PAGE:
London-based producer, John Tobin, has partnered Salima-based The Umoza Music Project in his efforts to promote and sell local music at the international market.
Tobin, who was born at Blantyre Adventist Hospital and grew up in England, has since constructed a multi-million kwacha recording studio at Senga Bay in Salima to enable the project realise its goal of recording and selling music to the rest of the world.
The project has since seen the release of an album, Let Them Speak. The album was released on nub music in 2015.
Tobin said that the album is a fusion of world music and got airplay and newspaper coverage around the world.
“The project’s Facebook page, featuring behind-the-scenes footage of the songwriting and recording process in Malawi and the United Kingdom, has 14,000 likes, with many fans in Malawi, Mozambique, Tanzania and Zambia,” he said.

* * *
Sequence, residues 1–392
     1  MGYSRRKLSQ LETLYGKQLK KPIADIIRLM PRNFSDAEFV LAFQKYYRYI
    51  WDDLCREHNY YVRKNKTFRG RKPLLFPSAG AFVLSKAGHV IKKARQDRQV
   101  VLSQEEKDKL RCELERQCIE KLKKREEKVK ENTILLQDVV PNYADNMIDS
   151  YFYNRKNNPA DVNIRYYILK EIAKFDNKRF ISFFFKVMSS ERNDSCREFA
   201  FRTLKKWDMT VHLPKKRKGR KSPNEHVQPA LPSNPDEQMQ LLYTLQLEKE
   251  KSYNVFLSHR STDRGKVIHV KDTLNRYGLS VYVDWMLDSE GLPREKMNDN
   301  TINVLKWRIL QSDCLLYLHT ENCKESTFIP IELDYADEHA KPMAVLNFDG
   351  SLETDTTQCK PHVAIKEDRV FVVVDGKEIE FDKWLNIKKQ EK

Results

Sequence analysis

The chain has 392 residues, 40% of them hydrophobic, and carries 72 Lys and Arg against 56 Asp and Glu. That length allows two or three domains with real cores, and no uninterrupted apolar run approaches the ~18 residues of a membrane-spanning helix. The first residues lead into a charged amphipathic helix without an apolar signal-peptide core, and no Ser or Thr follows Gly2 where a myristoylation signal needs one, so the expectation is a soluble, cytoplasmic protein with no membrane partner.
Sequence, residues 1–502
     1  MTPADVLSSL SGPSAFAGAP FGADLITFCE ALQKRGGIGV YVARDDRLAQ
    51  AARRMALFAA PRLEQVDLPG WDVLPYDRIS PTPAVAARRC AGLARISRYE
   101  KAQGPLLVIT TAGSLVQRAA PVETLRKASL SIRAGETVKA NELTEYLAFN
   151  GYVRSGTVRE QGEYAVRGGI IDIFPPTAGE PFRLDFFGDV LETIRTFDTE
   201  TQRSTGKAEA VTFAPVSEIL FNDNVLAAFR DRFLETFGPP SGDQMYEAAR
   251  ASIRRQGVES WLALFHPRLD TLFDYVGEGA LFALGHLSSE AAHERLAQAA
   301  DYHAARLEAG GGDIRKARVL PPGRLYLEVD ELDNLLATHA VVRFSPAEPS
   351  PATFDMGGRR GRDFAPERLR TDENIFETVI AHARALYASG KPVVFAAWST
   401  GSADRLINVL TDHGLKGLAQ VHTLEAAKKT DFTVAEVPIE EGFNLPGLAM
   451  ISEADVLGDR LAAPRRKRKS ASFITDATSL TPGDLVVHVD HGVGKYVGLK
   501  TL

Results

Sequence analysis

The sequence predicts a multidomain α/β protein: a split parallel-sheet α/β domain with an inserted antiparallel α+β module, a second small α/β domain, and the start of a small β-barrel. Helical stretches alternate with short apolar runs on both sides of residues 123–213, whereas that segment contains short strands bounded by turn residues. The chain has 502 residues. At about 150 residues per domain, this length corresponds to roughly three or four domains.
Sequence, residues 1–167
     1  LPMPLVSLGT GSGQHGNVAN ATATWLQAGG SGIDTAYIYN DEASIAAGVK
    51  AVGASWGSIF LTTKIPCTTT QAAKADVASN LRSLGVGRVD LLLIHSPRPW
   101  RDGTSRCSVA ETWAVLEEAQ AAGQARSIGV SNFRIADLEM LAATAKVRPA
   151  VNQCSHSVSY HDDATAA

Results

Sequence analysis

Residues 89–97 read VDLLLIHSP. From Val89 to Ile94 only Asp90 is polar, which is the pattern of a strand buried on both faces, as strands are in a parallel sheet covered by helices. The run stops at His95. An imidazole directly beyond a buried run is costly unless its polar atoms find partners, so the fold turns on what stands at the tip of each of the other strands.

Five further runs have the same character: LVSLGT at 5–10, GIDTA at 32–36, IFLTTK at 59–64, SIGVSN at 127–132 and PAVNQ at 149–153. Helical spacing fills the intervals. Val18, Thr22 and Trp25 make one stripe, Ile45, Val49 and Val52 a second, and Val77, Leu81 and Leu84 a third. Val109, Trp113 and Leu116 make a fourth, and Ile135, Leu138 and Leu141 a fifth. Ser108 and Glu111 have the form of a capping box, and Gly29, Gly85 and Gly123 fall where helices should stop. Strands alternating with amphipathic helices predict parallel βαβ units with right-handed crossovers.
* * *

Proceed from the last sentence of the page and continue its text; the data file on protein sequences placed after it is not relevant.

He added that the project has developed a worldwide fan base across an incredible 45 countries, thanks to social media and global streaming services like Spotify and Apple Music, attracting music lovers from New Zealand to Nepal, the United States, South America, Europe, Caribbean, Australia and the Far East.
“The success of the band’s 2015 album funded the building of a new studio production centre on the banks of Lake Malawi in Senga Bay. The Umoza Studio now offers music recording and video production services to other musicians, from solo acts to church choirs – many of whom stay at the studio while recording,” Tobin said.
Founder and band leader, Max Jere, said he expects the band to spend part of the proceeds to contribute towards efforts to uplift the living standards of the poor in the country.